Last updated on February 2019

Chloroprocaine Spinal Anesthesia for Cervical Cerclage (CP Spinal)


Brief description of study

This study aims to determine whether or not spinal anesthesia with the local anesthetic drug, chloroprocaine, wears off faster than the local anesthetic drug, bupivacaine, and results in faster discharge from the post-anesthesia care unit after surgery.

Detailed Study Description

This will be a prospective, randomized, double blind clinical trial. Subjects will be ASA I and II women 18 yrs old with a singleton pregnancy in the 1st or 2nd trimester of pregnancy undergoing cervical cerclage with spinal anesthesia. Patients will be randomly allocated to the chloroprocaine (CP) or bupivacaine group (BUP). Patients will receive spinal anesthesia with either chloroprocaine 50 mg with fentanyl 15 mcg or bupivacaine 9 mg with fentanyl 15 mcg.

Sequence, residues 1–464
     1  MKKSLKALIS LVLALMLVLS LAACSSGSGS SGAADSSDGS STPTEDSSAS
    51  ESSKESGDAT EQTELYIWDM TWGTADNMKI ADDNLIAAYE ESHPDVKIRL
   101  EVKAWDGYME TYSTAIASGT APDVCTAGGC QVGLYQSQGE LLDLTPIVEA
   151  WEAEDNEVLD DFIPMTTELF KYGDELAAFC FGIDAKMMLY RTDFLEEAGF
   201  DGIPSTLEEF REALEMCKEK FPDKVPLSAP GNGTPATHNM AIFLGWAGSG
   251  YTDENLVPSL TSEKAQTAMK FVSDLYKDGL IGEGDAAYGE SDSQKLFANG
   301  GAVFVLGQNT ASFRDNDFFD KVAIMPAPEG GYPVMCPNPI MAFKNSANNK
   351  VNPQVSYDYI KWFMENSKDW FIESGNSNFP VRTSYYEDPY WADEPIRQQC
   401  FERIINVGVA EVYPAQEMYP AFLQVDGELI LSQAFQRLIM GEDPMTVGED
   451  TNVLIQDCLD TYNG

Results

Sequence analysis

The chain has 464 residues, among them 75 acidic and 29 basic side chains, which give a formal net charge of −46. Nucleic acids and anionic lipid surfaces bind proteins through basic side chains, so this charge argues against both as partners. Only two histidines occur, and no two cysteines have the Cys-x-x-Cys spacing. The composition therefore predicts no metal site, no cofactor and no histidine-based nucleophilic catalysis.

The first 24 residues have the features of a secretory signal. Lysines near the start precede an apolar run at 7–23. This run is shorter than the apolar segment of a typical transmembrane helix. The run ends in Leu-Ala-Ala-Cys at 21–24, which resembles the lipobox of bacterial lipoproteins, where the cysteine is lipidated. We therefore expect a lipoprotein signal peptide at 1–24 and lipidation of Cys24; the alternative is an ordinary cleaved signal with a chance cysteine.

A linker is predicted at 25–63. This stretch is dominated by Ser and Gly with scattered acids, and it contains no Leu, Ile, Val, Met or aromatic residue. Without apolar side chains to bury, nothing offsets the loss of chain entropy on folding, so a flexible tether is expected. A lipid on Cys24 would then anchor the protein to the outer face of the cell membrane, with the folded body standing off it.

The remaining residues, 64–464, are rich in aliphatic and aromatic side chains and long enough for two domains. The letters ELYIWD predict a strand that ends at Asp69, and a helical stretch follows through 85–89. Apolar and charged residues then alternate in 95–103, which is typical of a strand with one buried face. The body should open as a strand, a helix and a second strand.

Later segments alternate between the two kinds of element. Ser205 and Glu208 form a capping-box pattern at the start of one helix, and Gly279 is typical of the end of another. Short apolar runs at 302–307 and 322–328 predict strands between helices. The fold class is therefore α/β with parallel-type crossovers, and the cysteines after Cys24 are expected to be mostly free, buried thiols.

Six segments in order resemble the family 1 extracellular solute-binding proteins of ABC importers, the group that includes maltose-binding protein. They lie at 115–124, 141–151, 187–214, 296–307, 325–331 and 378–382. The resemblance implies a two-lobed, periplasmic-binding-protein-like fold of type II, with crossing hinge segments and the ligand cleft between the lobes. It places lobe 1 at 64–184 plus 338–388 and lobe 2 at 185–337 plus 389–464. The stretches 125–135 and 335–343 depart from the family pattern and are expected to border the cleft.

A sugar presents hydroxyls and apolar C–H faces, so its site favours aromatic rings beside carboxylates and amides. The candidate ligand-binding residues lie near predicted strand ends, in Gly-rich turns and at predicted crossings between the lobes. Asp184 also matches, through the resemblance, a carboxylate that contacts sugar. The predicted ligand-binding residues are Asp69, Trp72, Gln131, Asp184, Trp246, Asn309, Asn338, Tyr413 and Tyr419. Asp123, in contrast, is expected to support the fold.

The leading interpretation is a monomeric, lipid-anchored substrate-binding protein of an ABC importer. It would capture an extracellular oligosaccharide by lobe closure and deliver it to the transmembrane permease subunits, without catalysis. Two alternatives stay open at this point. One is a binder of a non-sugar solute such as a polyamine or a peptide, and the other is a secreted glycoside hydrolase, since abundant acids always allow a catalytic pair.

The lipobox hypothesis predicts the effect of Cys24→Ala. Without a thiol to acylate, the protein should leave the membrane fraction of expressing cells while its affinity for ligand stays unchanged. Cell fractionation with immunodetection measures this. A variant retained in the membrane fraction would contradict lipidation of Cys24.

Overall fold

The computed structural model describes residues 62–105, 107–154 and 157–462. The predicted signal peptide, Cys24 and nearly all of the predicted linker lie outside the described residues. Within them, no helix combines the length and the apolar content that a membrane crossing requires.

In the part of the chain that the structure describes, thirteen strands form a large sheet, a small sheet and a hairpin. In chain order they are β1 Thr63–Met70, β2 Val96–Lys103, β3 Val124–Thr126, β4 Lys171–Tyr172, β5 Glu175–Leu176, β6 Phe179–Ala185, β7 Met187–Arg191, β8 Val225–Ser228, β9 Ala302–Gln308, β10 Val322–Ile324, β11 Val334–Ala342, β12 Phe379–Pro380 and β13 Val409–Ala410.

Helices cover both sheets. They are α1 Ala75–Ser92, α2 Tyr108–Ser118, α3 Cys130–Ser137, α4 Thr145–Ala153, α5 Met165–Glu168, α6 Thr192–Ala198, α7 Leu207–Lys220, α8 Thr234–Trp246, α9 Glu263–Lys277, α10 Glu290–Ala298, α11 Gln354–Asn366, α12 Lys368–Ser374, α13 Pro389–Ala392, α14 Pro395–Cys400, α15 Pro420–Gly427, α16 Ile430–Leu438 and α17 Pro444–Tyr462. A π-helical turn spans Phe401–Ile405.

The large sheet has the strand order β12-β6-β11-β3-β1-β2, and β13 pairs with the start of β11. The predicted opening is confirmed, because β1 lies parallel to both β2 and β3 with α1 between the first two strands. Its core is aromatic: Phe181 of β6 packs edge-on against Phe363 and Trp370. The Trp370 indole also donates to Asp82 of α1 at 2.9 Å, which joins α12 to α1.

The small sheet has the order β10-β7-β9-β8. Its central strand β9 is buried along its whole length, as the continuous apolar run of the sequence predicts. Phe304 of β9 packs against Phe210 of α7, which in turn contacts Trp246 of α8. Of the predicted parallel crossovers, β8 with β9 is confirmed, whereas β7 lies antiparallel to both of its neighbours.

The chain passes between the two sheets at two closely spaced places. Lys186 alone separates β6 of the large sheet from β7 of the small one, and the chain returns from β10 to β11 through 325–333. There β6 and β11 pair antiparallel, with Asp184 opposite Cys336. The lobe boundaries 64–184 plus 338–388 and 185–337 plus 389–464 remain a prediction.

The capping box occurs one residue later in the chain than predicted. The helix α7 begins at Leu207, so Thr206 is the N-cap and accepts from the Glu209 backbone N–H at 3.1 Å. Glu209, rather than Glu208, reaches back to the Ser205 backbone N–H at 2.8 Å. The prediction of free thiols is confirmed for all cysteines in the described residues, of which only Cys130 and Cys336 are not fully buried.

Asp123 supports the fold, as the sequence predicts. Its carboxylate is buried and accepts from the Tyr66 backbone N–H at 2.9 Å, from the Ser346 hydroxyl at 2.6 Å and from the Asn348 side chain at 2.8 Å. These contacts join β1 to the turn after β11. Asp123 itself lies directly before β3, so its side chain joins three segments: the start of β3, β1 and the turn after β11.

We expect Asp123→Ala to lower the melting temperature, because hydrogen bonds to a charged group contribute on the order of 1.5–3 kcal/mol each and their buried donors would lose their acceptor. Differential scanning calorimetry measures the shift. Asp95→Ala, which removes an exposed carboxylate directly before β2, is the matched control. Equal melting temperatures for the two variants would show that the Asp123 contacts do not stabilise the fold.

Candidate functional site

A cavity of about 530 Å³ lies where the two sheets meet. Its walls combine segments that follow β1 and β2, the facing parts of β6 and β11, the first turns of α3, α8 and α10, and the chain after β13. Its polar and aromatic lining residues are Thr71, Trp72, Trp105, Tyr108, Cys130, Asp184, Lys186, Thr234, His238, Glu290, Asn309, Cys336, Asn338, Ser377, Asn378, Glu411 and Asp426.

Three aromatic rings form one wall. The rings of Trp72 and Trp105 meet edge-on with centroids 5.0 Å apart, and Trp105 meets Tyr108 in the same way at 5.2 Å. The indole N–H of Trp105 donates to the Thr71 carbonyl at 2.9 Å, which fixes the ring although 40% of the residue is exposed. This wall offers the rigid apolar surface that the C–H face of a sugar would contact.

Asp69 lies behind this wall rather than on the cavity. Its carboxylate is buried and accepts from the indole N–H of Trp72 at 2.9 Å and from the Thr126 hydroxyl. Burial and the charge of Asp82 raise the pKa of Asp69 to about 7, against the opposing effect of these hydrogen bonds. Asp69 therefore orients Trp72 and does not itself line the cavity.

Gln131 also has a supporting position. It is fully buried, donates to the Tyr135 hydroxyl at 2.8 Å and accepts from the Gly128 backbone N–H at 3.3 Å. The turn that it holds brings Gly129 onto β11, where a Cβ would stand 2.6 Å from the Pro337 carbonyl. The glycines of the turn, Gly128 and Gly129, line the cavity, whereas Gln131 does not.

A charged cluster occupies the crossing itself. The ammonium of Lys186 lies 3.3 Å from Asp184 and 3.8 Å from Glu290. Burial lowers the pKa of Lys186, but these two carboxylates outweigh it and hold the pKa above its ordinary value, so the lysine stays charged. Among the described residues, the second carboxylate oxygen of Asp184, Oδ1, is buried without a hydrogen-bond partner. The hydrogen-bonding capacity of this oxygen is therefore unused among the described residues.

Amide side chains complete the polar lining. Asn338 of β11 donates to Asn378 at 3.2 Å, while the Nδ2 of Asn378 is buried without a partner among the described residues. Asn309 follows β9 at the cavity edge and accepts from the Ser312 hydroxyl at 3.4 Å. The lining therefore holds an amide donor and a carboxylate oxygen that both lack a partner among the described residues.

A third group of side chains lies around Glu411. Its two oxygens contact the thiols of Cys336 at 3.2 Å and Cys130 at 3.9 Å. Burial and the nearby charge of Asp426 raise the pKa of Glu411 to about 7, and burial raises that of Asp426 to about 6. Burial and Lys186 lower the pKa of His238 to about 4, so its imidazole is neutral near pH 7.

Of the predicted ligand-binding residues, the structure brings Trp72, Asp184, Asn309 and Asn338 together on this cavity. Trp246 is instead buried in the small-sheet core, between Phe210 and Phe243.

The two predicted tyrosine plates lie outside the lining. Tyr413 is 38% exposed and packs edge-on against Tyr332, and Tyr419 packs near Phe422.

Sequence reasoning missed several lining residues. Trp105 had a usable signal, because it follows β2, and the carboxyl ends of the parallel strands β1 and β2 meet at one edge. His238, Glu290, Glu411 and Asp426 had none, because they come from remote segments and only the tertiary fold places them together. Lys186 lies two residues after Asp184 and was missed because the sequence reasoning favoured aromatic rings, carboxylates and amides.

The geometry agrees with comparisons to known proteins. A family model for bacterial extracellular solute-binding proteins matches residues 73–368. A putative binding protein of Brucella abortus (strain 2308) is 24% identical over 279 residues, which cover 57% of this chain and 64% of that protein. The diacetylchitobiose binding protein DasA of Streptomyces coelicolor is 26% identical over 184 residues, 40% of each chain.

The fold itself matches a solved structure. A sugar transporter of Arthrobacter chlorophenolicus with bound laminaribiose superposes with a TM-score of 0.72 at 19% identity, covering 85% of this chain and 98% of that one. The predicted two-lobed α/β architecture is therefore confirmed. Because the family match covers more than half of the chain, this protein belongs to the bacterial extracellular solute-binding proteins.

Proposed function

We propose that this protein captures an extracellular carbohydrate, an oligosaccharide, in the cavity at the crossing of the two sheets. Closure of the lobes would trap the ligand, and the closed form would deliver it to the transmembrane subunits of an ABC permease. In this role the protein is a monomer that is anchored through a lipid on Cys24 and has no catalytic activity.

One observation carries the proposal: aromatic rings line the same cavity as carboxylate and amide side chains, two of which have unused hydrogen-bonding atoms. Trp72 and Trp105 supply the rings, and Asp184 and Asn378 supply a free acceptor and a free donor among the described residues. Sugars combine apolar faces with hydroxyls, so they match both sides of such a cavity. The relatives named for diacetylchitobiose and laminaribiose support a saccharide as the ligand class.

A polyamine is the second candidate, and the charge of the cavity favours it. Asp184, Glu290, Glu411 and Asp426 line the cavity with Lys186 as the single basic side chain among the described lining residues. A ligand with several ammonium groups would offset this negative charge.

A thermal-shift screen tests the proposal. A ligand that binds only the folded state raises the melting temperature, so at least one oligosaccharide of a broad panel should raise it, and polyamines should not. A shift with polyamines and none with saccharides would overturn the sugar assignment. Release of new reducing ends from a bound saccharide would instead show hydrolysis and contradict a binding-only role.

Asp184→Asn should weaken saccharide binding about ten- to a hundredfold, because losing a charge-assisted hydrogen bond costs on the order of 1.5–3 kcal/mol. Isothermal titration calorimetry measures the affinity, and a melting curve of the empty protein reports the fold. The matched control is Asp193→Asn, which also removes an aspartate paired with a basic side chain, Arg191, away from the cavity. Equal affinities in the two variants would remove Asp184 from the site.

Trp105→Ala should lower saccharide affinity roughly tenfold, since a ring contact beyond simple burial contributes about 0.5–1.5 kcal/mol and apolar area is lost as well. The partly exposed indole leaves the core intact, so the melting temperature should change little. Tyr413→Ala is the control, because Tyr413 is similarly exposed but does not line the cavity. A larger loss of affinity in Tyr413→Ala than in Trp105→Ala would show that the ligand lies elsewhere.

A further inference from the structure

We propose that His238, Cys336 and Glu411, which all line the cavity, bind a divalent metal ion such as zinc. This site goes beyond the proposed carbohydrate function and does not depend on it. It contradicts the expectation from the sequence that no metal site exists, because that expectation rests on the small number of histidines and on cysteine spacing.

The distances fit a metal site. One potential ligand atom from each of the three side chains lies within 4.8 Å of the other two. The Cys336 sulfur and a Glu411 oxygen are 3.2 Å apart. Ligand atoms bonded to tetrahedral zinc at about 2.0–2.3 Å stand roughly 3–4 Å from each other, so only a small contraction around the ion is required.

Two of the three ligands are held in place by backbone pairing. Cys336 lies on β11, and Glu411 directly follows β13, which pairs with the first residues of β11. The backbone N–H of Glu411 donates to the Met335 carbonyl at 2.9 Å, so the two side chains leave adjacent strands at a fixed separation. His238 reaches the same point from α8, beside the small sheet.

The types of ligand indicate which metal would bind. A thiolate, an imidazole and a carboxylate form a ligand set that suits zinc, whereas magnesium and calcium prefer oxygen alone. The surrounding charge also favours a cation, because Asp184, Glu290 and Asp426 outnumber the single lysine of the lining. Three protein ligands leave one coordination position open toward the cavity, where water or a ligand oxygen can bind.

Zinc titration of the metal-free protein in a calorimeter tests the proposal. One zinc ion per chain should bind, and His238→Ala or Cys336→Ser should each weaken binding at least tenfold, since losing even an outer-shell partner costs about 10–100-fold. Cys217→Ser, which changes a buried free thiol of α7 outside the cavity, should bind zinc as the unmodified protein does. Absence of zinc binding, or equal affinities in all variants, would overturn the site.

Bupivacaine is the most common local anesthetic used for cervical cerclage with spinal anesthesia. Bupivacaine is safe and has been preferred over other medications such as lidocaine, because it is associated with a low incidence of a complication from spinal anesthesia known as "transient neurologic symptoms" - a condition where pain and cramping in the buttocks and lower extremities can be experienced for several days. Bupivacaine is a long-acting local anesthetic agent and therefore has the disadvantage of a prolonged anesthetic recovery that may last a few hours.

Chloroprocaine is a local anesthetic with a fast onset and short duration that may be used for spinal anesthesia for ambulatory procedures. Chloroprocaine is currently used at the research institution for spinal anesthesia for ambulatory surgical patients, especially for lower extremity orthopedic procedures such as knee arthroscopy, as well as for pregnant patients.

Clinical Study Identifier: NCT02862912

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Recruitment Status: Open


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